Continuing with the description of the light housing, platen 6 defines the top of the housing. Platen registration guide mark 24 serves to locate a document corner position. Both surfaces of the platen may be coated with an anti-reflective material so as to prevent any platen-derived specular reflection from entering the lens. In a normal copying mode, a platen cover, pivotably attached to the side of the housing, will be lowered to form a nearly light-tight cover over the document. If the platen cover is left open, the operator is protected from flash light by the provision of appropriately shaped translucent blocking elements above and to the sides of the lamp 8. For ease of description, the platen cover and blockers are not shown.
The platen is mounted within aperture 48 formed within aperture frame member 50. Frame member 50 is an integral unit having side walls 52, 54, 56, and 58. Each side wall has a cam follower member 59, each associated with its respective platen elevation cam 18. These side walls are interior to side walls 26, 28, 30 and 32, respectively and effectively comprise extensions of these walls as the platen is translated in a vertical direction, as will be described below. In the 1× position, the visible portion of the side walls 52, 54,56,58 form approximately 1/2 of the total interior wall surface.
All the interior surfaces of housing 4 are coated with a high (90% minimum) reflectivity material such as celanese polyester thermal setting paint No. 741-13. All interior surfaces including the side walls, floor and all visible portions of lens carriage 40 are coated thusly, thereby making these surfaces diffusely reflective to light impinging therein. When lamp 8 is pulsed and caused to flash, light is directed against these coated surfaces, undergoing one or more reflections and irradiating the underside of the platen with a generally uniform level of illumination. The bottom surface of the platen cover and the white portions of the document also effectively form part of the housing since some light is reflected from their surfaces.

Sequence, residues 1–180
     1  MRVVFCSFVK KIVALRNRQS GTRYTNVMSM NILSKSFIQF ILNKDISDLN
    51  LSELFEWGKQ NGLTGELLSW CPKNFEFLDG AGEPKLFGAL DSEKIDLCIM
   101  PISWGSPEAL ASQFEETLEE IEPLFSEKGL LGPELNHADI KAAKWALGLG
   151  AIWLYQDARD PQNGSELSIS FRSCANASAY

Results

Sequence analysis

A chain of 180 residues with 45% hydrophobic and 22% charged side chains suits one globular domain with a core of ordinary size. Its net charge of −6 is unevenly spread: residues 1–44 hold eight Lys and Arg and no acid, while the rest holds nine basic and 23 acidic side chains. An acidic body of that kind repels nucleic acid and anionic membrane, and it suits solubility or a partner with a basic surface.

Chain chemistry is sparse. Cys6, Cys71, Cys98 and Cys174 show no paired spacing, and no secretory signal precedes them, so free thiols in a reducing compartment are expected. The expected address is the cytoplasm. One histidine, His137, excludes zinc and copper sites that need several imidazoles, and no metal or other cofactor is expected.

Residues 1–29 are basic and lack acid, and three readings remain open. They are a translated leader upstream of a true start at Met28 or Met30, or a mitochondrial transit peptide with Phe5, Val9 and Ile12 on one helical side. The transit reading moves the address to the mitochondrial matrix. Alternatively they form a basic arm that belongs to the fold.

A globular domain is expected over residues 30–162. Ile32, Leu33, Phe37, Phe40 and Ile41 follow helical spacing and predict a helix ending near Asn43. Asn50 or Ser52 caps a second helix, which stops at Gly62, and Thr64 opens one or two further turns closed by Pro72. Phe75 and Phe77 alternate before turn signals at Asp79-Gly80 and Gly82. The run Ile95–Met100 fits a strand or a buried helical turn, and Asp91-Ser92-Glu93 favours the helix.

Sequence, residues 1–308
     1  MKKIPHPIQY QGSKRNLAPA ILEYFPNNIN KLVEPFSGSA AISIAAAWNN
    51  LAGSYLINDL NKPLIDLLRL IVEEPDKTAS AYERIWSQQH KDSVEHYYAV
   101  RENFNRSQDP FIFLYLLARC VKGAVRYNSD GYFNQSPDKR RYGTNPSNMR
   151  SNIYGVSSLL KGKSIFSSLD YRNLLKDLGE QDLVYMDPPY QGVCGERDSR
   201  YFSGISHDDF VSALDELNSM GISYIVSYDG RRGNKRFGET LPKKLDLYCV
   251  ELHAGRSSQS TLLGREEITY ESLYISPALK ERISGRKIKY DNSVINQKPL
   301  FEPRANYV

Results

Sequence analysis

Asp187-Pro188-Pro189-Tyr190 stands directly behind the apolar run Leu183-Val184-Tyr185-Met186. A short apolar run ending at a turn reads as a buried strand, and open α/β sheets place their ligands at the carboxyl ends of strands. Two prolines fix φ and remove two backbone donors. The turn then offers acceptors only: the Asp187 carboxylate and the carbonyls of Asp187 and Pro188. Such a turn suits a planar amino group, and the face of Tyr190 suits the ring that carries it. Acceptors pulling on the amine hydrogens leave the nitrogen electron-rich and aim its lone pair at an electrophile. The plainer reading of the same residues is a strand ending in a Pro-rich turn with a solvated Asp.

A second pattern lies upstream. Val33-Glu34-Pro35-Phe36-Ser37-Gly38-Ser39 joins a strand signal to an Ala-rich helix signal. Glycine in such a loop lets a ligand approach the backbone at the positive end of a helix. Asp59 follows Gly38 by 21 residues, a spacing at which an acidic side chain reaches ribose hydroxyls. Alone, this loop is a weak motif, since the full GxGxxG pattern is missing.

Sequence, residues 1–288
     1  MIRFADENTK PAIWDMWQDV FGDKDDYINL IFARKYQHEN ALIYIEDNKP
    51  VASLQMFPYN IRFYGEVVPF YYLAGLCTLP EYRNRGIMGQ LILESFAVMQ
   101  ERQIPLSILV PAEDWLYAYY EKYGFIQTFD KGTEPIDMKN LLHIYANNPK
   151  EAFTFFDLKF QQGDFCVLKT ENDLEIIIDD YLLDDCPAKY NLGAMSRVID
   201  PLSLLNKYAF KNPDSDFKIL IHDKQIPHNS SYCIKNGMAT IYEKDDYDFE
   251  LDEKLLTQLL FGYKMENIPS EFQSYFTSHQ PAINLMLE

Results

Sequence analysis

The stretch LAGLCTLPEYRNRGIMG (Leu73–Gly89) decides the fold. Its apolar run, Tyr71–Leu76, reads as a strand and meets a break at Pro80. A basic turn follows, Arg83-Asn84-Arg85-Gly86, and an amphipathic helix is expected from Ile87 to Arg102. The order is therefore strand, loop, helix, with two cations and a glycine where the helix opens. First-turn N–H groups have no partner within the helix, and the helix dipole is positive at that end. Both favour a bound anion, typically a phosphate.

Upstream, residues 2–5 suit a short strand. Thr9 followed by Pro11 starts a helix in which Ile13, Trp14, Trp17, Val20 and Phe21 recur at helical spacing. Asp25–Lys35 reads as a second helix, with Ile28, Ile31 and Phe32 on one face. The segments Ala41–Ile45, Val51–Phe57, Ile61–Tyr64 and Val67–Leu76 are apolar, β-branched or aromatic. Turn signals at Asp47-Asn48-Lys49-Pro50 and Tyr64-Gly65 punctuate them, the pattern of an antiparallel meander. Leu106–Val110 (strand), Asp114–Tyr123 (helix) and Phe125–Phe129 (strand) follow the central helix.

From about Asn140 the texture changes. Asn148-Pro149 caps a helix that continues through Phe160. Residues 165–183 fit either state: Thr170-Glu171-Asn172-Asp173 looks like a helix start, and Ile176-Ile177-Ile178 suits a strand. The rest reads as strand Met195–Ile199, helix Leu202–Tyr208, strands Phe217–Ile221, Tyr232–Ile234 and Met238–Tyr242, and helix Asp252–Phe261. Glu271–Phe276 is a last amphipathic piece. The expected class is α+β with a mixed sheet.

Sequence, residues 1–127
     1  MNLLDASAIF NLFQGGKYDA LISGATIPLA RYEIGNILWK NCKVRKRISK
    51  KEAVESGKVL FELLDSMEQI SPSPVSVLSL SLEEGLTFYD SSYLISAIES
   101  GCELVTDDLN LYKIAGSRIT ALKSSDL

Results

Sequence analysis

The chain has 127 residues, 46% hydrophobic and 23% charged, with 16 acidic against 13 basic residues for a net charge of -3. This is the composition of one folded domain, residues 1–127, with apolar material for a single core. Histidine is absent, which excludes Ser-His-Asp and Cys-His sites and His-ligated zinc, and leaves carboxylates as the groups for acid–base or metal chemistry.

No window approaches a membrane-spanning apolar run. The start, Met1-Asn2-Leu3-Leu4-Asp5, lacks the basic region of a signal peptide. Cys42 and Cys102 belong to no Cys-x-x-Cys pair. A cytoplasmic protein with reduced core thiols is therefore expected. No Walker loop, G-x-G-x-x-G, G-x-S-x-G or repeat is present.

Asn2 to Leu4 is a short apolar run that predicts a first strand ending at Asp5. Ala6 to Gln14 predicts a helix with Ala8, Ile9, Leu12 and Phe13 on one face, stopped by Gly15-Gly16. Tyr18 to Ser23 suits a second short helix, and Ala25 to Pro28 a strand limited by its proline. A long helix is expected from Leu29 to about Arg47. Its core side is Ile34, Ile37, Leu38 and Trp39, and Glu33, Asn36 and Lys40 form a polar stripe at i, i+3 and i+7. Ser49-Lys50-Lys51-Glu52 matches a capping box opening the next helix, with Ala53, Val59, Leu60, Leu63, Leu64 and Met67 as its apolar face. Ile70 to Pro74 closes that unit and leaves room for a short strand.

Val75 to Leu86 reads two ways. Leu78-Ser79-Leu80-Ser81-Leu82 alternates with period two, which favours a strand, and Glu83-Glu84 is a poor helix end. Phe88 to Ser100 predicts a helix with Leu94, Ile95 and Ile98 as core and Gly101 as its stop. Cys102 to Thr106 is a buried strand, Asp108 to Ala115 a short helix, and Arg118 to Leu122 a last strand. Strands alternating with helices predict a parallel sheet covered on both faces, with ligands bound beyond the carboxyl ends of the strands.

From the above description, housing 4 is seen to function as a highly efficient light integrating cavity which provides a uniform illumination level along the bottom of the document plane. The total cavity gain can be controlled, to some extent by tailoring the reflectivity of the area directly behind the lamp. For example, small strips of a thermally stable material, of variable width and absorptivity can be fastened to the housing wall.
Referring to FIGS. 1-4, the platen 6 is driven in a vertical direction via reversible drive motor 14 operating under the control of a machine logic control circuit. A first shaft 60 is driven by motor 14 in response to signals from controller 62 (FIG. 3). Controller 62 contains the logic and memory circuits to continually track the instant position of the lens and platen and to provide signals to the motor to drive shaft 60 in a direction and for a duration determined by the specific magnification setting. An exemplary controller circuit for accomplishing this function is disclosed in U.S. Pat. No. 4,316,668.